Beverly Rubik was born in Chicago and graduated from Illinois Institute of Technology with a B.S. in chemistry, summa cum laude. She earned her Ph.D. in biophysics from the University of California at Berkeley in l979 and was elected to Phi Beta Kappa. She conducted postdoctoral research and supervised graduate student research at Lawrence Berkeley Laboratory while she also served as a faculty member at San Francisco State University from 1979 to 1988.
In l988 she relocated to Philadelphia to become founding director of the Center for Frontier Sciences at Temple University. The Center facilitated global information exchange, networking, and education on frontier issues of science and medicine. These included novel ideas and discoveries that go beyond the dominant scientific paradigm of mechanistic materialism. Two important foci of the Center were alternative/complementary medicine and the matter-mind-spirit interrelationship. The Center was the first of its kind in the world linked to a major university and has spawned sister centers at the University of Guadalajara, Mexico and the University of Milano, Italy. A journal, Frontier Perspectives, was founded in 1990 by Beverly Rubik and was published and distributed semi-annually to over 3,500 affiliates of the Center in 58 countries.
Unfortunately, the academic environment in the mid-90s has not been conducive to exploring the links between science, medicine, and spirit in a highly visible manner. In late 1995 Dr. Rubik left Temple University to continue her work as an independent scholar and consultant and founded the Institute for Frontier Science, a nonprofit corporation. She is presently writing a book on the frontiers of science and medicine.
Beverly Rubik's interests lie beyond conventional science in frontier areas of science not yet mainstream. She has published research papers and some popular articles on topics including subtle energy and energy medicine, healers and other complementary medical interventions, and on the history and philosophy of discoveries in science and medicine. Books edited by Dr. Rubik include The Interrelationship between Mind and Matter (1992) which addresses aspects of mind-body medicine and other topics, and Alternative Medicine: Expanding Medical Horizons (1995), a National Institutes of Health (NIH) report published by the U.S. Government Printing Office, for which she served on the 11-member editorial board and was a contributing author to 2 chapters. She was also technical editor for The Heart of Healing (1993), a popular book on the powers of mind and spirit in healing published by Turner Publishing Co. as the companion volume to the TBS television series. A popular lecturer, she has presented many invited lectures and workshops to a variety of audiences nationally and internationally. Two of her most recent invited lectures are (1) new developments in energy medicine at a Dec. 1995 San Francisco conference hosted by the International Inst. of Research on the topic of integrating alternative medicine in managed health care; (2) how the emerging scientific world view might affect the future health care industry at an Oct. 1995 meeting of the World Business Academy at Simon Fraser University in Vancouver, B.C.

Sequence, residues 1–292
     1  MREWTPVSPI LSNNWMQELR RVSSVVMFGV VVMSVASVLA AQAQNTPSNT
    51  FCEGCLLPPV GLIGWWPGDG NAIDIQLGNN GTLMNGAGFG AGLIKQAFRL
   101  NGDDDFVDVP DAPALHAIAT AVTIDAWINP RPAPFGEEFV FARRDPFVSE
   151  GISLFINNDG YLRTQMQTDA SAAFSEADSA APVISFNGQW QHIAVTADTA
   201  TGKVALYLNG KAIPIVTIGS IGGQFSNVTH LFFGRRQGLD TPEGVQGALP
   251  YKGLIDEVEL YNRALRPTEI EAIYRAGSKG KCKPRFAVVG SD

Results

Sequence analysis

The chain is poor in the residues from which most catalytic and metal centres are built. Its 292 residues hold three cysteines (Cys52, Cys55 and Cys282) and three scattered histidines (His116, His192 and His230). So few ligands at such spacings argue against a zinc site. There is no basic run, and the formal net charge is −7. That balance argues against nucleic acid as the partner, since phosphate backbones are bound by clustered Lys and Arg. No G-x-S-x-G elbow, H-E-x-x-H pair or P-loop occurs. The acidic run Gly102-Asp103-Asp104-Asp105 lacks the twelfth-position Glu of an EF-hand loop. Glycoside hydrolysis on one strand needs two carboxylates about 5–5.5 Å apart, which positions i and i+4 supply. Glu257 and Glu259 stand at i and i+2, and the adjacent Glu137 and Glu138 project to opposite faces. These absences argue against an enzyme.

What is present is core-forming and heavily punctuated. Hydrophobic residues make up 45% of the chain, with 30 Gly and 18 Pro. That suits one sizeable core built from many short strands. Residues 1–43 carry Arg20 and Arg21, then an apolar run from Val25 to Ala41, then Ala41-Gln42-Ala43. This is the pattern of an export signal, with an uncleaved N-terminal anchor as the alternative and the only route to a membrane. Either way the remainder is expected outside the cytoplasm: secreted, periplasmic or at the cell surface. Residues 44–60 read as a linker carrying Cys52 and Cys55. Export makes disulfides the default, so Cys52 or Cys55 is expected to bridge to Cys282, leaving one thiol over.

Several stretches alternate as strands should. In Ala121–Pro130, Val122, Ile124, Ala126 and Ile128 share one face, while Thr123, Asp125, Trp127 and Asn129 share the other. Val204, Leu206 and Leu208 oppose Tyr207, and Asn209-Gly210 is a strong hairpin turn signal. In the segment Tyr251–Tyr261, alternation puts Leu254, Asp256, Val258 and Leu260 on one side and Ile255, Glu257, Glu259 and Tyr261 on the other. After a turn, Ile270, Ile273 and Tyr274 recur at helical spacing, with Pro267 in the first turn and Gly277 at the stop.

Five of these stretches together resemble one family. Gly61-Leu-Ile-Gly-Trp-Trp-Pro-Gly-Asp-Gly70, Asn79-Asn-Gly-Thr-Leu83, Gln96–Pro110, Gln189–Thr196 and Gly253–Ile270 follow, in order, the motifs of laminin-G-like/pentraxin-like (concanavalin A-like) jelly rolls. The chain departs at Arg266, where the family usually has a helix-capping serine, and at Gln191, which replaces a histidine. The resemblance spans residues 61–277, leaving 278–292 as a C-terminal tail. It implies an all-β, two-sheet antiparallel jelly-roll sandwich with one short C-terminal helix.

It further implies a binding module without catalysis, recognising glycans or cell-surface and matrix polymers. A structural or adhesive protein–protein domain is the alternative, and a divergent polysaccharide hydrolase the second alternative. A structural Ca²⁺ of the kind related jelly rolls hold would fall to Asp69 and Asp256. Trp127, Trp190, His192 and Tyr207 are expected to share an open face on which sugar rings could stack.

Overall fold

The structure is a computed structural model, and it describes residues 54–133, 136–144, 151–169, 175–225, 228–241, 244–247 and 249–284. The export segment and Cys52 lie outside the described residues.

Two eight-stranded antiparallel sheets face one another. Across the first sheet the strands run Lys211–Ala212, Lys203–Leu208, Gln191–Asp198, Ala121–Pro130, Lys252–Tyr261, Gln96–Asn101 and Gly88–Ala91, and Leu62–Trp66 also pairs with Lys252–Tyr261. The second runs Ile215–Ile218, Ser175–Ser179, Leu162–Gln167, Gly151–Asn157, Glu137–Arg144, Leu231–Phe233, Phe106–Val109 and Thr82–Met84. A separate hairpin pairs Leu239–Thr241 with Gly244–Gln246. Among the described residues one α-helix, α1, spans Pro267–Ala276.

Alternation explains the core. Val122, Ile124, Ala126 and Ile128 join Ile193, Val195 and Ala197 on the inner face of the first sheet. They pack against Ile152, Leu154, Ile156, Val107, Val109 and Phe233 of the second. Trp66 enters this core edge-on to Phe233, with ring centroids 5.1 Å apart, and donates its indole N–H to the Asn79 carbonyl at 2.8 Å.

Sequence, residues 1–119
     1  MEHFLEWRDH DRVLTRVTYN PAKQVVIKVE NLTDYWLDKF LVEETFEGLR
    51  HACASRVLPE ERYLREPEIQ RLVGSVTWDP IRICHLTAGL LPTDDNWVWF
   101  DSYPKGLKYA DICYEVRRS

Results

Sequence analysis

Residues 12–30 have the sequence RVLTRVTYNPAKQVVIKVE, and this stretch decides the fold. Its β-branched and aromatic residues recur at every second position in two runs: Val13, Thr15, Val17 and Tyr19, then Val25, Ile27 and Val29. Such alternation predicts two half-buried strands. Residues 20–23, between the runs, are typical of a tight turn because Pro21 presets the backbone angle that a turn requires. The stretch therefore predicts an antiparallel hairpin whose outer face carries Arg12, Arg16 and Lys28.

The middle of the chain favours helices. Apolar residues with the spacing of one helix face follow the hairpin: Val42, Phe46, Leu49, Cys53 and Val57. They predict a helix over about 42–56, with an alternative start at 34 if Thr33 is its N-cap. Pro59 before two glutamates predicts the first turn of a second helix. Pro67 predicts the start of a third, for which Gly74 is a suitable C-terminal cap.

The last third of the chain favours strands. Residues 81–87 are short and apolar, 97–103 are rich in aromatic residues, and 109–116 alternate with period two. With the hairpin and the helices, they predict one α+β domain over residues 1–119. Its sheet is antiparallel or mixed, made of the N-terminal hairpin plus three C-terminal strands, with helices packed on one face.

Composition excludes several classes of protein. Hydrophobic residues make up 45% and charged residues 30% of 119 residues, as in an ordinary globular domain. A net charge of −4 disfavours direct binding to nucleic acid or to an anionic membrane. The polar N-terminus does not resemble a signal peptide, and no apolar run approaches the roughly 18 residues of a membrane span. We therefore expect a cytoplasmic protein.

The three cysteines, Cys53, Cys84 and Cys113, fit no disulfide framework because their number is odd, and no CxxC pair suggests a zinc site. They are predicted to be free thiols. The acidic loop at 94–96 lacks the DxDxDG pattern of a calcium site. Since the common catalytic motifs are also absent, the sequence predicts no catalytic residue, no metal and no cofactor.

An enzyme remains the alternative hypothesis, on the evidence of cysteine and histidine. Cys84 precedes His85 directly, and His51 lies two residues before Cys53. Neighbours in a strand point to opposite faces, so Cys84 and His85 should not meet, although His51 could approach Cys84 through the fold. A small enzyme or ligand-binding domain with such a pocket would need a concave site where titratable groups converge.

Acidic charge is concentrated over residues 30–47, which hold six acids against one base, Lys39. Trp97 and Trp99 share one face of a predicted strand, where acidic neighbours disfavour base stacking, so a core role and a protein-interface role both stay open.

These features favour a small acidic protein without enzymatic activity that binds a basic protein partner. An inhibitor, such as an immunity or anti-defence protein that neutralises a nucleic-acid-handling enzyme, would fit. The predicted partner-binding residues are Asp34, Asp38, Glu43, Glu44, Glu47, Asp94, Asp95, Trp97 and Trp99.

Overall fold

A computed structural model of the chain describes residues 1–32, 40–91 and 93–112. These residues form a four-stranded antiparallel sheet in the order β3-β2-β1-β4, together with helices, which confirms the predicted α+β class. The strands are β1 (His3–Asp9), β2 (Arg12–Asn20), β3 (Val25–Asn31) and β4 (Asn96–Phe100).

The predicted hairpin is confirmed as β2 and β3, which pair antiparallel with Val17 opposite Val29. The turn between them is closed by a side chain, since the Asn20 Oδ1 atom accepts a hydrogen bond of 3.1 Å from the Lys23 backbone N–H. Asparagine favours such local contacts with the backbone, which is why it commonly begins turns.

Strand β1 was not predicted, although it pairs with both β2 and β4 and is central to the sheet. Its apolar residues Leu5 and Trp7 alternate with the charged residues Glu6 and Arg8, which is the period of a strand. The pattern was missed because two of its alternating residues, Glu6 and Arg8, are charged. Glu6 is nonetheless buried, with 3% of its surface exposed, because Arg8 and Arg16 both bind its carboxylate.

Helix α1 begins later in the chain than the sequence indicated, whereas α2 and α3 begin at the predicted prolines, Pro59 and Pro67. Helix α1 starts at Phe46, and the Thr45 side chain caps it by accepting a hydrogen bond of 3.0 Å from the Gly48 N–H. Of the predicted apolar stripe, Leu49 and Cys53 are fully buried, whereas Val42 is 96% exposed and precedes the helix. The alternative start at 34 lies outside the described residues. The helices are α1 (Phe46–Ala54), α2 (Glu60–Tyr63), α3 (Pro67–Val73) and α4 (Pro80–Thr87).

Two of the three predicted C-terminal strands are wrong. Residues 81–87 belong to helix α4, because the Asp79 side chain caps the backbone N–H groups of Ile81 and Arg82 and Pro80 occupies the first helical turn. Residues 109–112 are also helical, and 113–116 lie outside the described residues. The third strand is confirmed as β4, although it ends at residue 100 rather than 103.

From 1992 to 1994, Dr. Rubik served as a member of the Advisory Panel to the National Institutes of Health (NIH) Office of Alternative Medicine and was Panel Chair on Bioelectromagnetics. She presently serves on the editorial board of several journals, including the Alternative Health Practitioner; Alternative Therapies in Health and Medicine; and the Journal of Complementary Therapies in Medicine (UK). She is a member of the advisory board of the Journal of Subtle Energies and the European Journal of Classical Homeopathy. She is also an advisory board member to the John Templeton Foundation, the Society for Scientific Exploration (a professional scientific society), among several other organizations. She is listed in Who's Who in Science and Theology and Who's Who in Science and Engineering. She has served the MacArthur Foundation as a nominator of fellows. Her membership in several professional societies reflect her breadth of training and diverse, interdisciplinary interests.
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